Christine Venner Westaway from Quakers Queensland, argues more investment in war only begets more war, and that talk of an increasingly hostile China and claims of job creation are merely used to justify making money from the arms trade. Ms Westaway cites the example of the New Zealand defence force sent to war-torn Bouganville on a peace-keeping mission as an example of how peace can be achieved without the use of weapons. In 1997 NZ troops entered Bouganville without weapons, instead taking music and culture to share with the people. As Bouganville is a matrilineal society, more female troops were included in the mission. According to NZ website RNZ,

“When the NZ led mission went in, what it did was it created space. We were able to get their trust to such an extent that they handed in their guns, and they would talk to each other.”

A documentary Soldiers Without Guns  was made about the mission and released in 2019.

MORE INFORMATION

The meeting on 1 May will be held at Jagera Hall, Musgrave Park from 2.30 to 4.30pm and speakers include MP Amy MacMahon; Binil Kattiparambil from the Islamic Council of Queensland; Gamilaraay and Kooma radio host and podcaster, Boe Spearim; and Zelda Grimshaw from Wage Peace.

Details at this LINK.

USA: Some positive news from the United National Antiwar Coalition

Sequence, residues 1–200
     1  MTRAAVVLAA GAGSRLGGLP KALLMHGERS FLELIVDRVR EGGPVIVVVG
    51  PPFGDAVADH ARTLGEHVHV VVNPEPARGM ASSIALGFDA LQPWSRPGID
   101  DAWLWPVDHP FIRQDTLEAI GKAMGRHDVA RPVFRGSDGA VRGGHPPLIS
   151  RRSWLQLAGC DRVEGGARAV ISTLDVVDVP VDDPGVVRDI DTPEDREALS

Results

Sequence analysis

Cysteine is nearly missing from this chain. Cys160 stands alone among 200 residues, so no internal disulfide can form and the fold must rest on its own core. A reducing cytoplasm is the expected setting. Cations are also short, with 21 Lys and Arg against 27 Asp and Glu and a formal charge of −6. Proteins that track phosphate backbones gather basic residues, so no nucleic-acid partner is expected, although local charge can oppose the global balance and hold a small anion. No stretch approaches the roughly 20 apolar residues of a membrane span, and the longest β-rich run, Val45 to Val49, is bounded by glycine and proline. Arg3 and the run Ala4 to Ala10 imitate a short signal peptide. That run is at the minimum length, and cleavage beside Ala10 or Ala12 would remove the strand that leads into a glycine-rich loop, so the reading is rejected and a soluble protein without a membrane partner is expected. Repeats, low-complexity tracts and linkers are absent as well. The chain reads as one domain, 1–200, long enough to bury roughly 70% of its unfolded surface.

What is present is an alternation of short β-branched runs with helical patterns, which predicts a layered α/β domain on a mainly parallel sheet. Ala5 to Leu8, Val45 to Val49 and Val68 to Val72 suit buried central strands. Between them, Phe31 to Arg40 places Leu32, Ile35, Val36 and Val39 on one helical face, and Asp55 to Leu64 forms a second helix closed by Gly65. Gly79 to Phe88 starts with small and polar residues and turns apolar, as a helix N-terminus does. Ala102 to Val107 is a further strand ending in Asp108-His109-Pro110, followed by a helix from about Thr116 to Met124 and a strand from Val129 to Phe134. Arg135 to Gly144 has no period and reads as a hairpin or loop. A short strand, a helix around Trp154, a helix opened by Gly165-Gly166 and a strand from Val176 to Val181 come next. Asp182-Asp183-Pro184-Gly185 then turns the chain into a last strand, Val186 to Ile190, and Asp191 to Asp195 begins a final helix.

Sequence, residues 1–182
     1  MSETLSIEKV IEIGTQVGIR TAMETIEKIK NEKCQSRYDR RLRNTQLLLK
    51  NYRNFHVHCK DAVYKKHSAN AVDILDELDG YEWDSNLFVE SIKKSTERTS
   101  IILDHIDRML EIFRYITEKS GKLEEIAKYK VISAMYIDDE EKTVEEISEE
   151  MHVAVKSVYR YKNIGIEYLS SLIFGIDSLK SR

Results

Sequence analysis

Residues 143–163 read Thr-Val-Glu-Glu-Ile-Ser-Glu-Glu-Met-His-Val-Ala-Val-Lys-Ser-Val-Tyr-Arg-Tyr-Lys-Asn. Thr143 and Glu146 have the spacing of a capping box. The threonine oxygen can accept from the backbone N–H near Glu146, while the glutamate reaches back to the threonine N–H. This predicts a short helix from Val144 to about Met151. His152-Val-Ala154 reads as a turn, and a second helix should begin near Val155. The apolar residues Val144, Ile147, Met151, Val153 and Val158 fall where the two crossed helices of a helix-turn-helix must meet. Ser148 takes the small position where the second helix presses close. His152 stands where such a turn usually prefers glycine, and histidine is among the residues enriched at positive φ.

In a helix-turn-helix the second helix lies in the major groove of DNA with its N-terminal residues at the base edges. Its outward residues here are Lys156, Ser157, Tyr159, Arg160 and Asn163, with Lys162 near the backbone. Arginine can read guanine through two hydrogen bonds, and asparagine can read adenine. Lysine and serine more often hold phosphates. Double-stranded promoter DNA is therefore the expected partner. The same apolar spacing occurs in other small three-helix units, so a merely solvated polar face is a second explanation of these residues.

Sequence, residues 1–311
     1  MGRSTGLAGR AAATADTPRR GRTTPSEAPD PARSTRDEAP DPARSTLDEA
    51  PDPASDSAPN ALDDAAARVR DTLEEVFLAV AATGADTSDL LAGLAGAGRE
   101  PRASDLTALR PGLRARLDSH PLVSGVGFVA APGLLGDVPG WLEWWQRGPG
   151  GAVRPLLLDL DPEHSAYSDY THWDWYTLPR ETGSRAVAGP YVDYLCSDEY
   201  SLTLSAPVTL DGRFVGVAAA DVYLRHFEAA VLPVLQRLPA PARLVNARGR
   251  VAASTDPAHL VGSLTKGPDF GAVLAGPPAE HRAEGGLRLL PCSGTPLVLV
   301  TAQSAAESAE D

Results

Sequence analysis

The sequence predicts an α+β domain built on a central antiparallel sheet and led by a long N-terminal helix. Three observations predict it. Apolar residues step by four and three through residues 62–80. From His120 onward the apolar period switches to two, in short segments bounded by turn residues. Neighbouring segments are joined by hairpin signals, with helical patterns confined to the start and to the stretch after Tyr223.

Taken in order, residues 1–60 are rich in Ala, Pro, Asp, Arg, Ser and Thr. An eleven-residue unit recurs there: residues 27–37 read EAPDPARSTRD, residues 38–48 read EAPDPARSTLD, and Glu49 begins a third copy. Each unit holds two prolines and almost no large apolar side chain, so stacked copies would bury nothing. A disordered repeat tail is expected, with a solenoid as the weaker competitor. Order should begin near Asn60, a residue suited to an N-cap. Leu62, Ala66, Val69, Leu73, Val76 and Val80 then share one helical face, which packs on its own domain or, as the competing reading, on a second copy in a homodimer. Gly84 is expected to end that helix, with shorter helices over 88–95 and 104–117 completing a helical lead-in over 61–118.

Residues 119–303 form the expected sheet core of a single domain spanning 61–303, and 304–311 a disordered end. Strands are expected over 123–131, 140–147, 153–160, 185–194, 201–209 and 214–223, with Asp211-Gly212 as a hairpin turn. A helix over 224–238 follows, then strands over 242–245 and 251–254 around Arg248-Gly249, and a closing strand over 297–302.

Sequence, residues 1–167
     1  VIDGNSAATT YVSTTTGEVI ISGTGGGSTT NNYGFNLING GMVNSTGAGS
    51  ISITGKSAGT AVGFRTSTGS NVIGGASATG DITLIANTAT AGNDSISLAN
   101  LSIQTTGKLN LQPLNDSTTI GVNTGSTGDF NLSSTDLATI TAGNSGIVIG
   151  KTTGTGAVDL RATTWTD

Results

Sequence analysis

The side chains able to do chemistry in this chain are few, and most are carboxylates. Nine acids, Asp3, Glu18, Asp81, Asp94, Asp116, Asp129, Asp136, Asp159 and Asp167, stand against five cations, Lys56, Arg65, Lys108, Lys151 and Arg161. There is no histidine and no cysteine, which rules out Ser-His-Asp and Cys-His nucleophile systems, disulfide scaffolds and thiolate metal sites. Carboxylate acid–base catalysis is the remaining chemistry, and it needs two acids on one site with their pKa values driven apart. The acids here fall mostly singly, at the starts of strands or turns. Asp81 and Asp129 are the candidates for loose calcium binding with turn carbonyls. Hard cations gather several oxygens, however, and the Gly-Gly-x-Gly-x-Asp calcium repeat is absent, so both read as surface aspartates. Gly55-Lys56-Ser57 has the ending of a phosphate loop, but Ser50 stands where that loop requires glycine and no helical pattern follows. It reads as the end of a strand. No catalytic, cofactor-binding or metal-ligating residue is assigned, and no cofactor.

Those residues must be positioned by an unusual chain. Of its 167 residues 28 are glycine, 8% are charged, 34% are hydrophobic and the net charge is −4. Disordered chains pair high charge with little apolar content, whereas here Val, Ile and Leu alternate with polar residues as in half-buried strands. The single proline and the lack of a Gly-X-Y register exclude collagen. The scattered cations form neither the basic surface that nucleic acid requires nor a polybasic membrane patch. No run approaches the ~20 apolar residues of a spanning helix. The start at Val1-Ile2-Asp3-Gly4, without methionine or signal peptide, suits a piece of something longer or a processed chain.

. .DISARMAMENT & SECURITY. .

Excerpts from the blog of the United National Antiwar Coalition

People-to-People Projects Build Israeli Impunity
APRIL 23, 2021, UNAC EDITOR

by Yara Hawari, published on Consortium News, April 8, 2021 The People-to-People (P2P) framework, which refers to projects that bring Palestinian and Israeli civil society actors together in so-called cooperation and dialogue, has been revived among donor-funded initiatives in Palestine. Emphasizing notions of cooperation, understanding, and peace building, P2P is promoted as a positive framework at a time when the[…READ MORE]


In Defense of Mother Earth
APRIL 16, 2021, UNAC EDITOR

Cancelling the KXL Pipeline: A Victory for the Working Class & the Environment! The Trans Mountain (TMX) Pipeline is Next! by Alison Bodine, published on Fire This Time Magazine, April, 2021 On January 20, 2021, U.S. President Biden’s first day in office, he cancelled the Keystone XL (KXL) pipeline by rescinding a Presidential permit required to complete construction at the[…READ MORE]

Ramsey Clark, Human Rights Fighter, 1927-2021
APRIL 16, 2021, UNAC EDITOR